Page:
Sunday 22 October 2017

Erdogan will not tolerate the birth of a Kurdish semi-state

Turkish soldiers patrol near the border with Syria, ouside the village of Elbeyli, east of the town of Kilis, southeastern Turkey.
Turkish soldiers patrol near the border with Syria, ouside the village of Elbeyli, east of the town of Kilis, southeastern Turkey.
A Turkish military vehicle leaves from the Dag military post, which was attacked by Islamic State militants on Thursday, on the Turkish-Syrian border near Kilis, Turkey. Photo: Reuters
The wife of Turkish soldier Mehmet Yalcin Nane cries on her husband's coffin during the burial ceremony in Gaziantep yesterday. Photo: Getty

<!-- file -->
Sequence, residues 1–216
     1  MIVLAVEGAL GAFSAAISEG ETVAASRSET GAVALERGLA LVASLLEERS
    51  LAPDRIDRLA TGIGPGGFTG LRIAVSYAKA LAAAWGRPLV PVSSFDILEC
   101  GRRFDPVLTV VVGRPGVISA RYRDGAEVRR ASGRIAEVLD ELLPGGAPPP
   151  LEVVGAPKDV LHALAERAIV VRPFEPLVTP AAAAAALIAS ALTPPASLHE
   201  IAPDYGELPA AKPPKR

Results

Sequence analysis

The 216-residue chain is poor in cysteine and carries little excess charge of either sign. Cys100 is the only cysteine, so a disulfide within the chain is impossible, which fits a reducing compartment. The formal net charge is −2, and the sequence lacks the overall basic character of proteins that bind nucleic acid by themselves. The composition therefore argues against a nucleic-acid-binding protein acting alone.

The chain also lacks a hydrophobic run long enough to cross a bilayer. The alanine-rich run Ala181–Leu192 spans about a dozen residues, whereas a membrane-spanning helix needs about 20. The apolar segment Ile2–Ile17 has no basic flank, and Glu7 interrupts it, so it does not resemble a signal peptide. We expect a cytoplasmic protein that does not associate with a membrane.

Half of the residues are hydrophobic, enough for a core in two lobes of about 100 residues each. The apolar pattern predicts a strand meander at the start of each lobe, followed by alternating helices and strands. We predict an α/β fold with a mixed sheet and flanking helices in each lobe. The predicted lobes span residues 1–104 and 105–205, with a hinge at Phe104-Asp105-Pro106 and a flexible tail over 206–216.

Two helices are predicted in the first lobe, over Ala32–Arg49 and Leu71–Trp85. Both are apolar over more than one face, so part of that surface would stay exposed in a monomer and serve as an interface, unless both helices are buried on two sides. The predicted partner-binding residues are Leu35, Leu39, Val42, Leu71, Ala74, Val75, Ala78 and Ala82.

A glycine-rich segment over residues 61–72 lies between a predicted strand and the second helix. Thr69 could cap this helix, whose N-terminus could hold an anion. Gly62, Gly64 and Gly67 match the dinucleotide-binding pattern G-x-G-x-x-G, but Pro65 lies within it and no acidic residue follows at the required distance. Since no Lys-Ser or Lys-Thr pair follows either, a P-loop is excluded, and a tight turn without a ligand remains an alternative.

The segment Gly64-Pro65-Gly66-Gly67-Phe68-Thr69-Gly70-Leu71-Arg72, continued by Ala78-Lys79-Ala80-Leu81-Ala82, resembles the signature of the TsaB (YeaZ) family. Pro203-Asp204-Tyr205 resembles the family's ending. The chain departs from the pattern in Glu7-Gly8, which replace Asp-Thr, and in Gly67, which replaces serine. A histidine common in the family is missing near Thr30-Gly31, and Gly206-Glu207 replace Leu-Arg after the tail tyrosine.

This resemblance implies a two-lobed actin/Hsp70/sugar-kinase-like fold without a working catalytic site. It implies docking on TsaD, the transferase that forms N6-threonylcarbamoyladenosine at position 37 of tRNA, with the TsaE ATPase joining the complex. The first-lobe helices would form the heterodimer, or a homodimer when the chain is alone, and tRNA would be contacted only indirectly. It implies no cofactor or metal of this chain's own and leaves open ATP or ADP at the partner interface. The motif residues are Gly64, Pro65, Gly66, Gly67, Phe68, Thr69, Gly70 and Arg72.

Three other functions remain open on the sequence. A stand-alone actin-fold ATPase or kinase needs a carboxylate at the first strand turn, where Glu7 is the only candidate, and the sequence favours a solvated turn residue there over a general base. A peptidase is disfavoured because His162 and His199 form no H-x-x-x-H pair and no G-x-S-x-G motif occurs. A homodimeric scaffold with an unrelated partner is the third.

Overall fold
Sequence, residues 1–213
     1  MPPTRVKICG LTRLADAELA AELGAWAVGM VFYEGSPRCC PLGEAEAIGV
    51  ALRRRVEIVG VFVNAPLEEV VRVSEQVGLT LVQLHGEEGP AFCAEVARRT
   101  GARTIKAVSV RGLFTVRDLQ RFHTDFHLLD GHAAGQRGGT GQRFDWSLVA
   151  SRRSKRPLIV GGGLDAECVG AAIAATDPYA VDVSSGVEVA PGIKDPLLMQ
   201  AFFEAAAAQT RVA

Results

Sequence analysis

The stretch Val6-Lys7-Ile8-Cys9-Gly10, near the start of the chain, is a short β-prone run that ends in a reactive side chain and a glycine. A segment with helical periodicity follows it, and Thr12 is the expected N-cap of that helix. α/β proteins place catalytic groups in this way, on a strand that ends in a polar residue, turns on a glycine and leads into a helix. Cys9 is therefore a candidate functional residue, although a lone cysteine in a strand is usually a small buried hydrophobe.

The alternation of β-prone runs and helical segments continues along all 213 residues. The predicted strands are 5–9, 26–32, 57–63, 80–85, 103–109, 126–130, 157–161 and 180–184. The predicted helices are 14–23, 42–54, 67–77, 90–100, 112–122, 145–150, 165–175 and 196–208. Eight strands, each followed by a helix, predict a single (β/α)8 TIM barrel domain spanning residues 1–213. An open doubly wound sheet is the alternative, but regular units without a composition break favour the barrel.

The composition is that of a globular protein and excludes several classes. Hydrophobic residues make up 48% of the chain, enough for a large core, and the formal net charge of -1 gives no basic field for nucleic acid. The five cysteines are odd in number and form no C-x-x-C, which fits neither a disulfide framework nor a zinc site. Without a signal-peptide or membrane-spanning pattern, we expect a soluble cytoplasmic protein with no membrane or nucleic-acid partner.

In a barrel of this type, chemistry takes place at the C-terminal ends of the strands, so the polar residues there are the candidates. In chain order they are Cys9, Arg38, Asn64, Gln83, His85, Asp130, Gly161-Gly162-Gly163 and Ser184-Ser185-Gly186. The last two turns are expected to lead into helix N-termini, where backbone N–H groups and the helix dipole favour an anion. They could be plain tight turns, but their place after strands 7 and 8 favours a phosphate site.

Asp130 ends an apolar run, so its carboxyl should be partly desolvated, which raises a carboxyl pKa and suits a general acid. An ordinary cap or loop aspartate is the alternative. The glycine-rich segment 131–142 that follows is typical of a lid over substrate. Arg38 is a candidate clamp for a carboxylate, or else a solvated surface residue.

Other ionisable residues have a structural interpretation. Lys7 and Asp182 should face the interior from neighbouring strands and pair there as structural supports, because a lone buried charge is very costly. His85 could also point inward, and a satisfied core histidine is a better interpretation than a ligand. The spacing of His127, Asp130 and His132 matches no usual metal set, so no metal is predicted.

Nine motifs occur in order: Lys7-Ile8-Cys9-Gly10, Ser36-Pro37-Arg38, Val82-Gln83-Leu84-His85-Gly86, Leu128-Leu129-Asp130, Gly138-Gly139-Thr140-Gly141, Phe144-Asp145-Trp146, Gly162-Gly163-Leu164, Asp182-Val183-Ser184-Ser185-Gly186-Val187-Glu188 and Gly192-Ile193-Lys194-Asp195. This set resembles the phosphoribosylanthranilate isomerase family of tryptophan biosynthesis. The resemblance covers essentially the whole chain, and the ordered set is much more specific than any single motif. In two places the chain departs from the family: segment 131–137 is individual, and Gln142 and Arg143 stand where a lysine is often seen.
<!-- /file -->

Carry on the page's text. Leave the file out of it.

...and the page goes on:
Richard Spencer

Turkey's decision to send fighter jets against Isil positions in Syria and open its Incirlik and Pirinclik air bases to US jets is a step-change in its involvement in the fight against militant jihad.

Whether it turns into open war on Islamic State of Iraq and the Levant is another matter.

The deal between the reluctant AKP government in Ankara and the US has been a year in the making, though it was only announced after Isil had effectively declared war by bombing a cultural centre in the Turkish border town of Suruc, killing 32 young people.

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